Undoubtedly the “bush telegraph” must have been again at work, otherwise how would Gilbert have known the exact time and spot to have seized this racer, and that within rifle shot of the town, and within a stone’s throw of the police barrack itself. The daring sangfroid shown in this affair fully proves the great extent of harborage given to this scoundrel and his myrmidons, for him to dare almost to enter the town of Burrowa itself, where, as at Marengo, two out every three knew him by sight. I almost forgot to mention that this morning, about two hours after the previous robbery, the said Gilbert rode up to two drays, about three miles from Marengo (which were on the turn off road, near the Calabash) and told one of the carriers to stop and lower down a gin case, break it open, and hand him three or four bottles; the carrier hesitated, when Gilbert laughed derisively, threw open his poncho, and showed his belt bristling with revolvers, and also pointing significantly into the bush, thereby intimating that he bad plenty of assistance near at hand, which no doubt, he had, for it is my fixed impression that Gilbert is now at the head of the Wedden and Abercrombie band, and that Gardiner is leading another detachment in the Jingerra Ranges, whose tracks sergeant Brennan was on the other day. At all events, they are now possessed of some splendid horseflesh, three stolen racers, viz., Mr. Skillicorn’s, of Bathurst, Mr. Roberts’, of Currawang, and Mr. A. Hancock’s, of Burrowa.

I regret to state that the murderer, John Kellie, is still at large. Really what with our daily petty larcenies, weekly highway robberies, and bi-annual murders, we constitute a community which, however consistent, is unquestionably the reverse of Utopian.

Spotlight: Local & General Intelligence, Tumut and Adelong (11 May 1865)

Tumut and Adelong Times (NSW : 1864 – 1867; 1899 – 1950), Thursday 11 May 1865, page 2

Local & General Intelligence

The Araluen Escort Robbery. — Daniel Ryan, of Murrumburrah, lately arrested at that place, by Mr. Bray’s volunteer party, on a charge of being concerned with Ben Hall’s gang, in the attack on the Araluen escort, and who was remanded to Braidwood for identification, has being identified as being with the party on the Araluen mountain, and also when they stuck up Boyd’s store, at Tarago. — Goulburn Argus.

Expensive Gents. — The Yass Courier calculates that, during four years, it has cost the colony £200,000 to hunt Hall, Gilbert, and Dunn, in which all the efforts of the police have been ineffectual.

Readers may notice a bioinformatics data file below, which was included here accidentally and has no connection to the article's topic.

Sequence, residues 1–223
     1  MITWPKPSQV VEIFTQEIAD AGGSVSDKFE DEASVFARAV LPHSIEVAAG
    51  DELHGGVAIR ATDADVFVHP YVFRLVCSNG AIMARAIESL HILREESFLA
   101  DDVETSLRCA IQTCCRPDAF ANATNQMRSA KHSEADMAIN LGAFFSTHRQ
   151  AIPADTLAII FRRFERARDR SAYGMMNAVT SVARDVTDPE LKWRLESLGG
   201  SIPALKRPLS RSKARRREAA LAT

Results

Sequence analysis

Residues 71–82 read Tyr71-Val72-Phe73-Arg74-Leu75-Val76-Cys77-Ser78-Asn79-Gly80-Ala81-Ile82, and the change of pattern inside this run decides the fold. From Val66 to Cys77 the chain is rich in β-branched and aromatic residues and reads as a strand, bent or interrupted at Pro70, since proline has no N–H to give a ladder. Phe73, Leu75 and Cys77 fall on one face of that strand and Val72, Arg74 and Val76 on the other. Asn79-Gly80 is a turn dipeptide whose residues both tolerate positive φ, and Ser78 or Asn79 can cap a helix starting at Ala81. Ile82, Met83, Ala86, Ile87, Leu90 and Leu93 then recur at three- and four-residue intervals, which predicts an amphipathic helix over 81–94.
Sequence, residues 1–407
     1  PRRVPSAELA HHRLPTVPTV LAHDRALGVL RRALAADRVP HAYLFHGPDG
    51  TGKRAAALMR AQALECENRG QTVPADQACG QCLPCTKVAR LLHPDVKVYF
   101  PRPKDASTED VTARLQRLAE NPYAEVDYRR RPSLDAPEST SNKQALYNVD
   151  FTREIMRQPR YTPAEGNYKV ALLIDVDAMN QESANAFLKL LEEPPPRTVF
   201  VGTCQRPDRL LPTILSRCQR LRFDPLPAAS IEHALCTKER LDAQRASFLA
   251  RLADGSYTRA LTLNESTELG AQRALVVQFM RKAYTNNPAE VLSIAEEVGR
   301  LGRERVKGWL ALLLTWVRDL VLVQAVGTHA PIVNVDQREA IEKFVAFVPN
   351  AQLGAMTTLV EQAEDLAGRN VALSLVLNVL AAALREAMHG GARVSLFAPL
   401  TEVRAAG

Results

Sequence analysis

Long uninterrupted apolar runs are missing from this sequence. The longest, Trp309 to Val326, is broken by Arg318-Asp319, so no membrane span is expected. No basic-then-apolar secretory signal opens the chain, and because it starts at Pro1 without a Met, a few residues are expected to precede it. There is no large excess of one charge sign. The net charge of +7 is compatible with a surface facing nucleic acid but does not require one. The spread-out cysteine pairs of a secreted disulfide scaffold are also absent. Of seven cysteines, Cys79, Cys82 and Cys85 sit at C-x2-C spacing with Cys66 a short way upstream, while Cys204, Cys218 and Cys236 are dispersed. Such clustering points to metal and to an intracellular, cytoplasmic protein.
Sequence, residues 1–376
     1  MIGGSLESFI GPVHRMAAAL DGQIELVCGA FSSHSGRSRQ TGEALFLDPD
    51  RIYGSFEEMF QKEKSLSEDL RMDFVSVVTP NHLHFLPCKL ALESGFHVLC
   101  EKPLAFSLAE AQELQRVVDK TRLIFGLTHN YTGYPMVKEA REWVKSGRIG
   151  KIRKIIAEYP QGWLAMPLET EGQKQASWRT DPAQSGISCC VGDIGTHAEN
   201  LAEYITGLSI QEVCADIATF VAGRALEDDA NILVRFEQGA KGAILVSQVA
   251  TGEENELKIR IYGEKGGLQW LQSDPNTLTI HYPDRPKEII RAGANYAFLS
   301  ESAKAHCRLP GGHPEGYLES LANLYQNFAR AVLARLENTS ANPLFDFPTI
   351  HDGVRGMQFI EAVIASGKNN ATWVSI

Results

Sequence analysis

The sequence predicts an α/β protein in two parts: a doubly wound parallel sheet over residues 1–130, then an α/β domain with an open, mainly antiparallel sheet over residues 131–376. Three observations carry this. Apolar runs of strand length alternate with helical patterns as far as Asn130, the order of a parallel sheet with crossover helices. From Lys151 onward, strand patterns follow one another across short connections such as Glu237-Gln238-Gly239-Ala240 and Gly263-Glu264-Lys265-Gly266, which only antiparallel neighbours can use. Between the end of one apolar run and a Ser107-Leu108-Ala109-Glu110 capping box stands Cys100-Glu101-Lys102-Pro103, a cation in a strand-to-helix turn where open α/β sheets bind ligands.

Captain Thunderbolt and his Gang. — The Tamworth Examiner says : — After various petty robberies this gang were surprised by the police whilst in possession of Mr. Walford’s inn at Millie. The police had been tracking them for four days, and reached Mr. Walford’s about an hour after the bushrangers had arrived there. The situation of this house is on an open plain, without a tree for miles in any direction. The bushrangers, four in number, were at the house, at the time, one being outside on guard, and on the latter seeing four men galloping across the plain to the house, a whistle was given to those inside, and all four came out to see who it might be. On learning that it was the police, they all mounted their horses, one of them holding up his revolver as a challenge to the police to come on, at the same time retreating from the house to the open plain at the rear. They had all drawn their revolvers, but the police, nothing daunted, gave chase, and came within firing distance a short way from the house. Tunderbolt fired the first shot, to which the police replied, at the same time endeavours were made to cut off the young lad from the rest of the gang, who seemed not to be so well mounted as the others, Firing was continued on both sides with great vigour, when a well directed ball from the revolver of constable Dalton, took effect on the young lad, entered the back and came out near the stomach. He fell from his horse, and Dalton shouted to constable Norris to take charge of him, while he went after the others. On leaving with that intention, he fortunately turned round and saw the young vagabond, while on the ground, presenting his revolver at him. He threw himself on his horse’s neck, and the ball luckily passed over him. Constable Norris came up at this moment, and again fired at the ruffian, the ball taking effect, having entered the jaw and escaped at the back of the neck. During the whole of the time constable Lynch was keeping the other three bushrangers at bay, and succeeded in doing so, notwithstanding that Ward, who was mounted on a fine chesnut horse, several times rode between the police and the youth, constantly discharging his revolver at the same time, in order to give his mate time to escape. He was, however, unsuccessful. About forty shots were fired by the police, and their ammunition was nearly all expended. After securing the youth, they proceeded a short distance after the others, but their horses were completely knocked up, having ridden them fully five hundred miles. The fight is described by eye witnesses as an exceedingly plucky affair, and highly creditable to the police engaged. The encounter lasted altogether about an hour, and the balls from the several revolvers flew about in all directions, one passing through the whiskers of one of the police, but not injuring him. The youth who was shot was at once taken to the inn, and a doctor sent for to Moree; but he is in a very weak state, and it is doubtful if he will recover. The head of the gang, who goes under the name of ‘Thunderbolt,’ is named Ward, and has been engaged in several robberies. He was at one time employed in breaking in horses at the Tareela station. The second is supposed to be a man named McIntosh, and is said to be a brother of McIntosh who was mixed up with Picton in a cattle stealing case some years ago. The bushranger who is shot is named John Thomson, a youth about sixteen years of age, and is described as a very dangerous vagabond. He had frequently expressed a wish to join the bushrangers. The fourth man is known by the name of ‘Bull’ or ‘Bully.’ Thomson and Ward are well acquainted with the part of the country on which they have been recently committing their depredations, and the former with his companions will doubtless make for his old haunts on the head of some of the creeks running into the Barwin, near Walgott. [Thomson has since died.]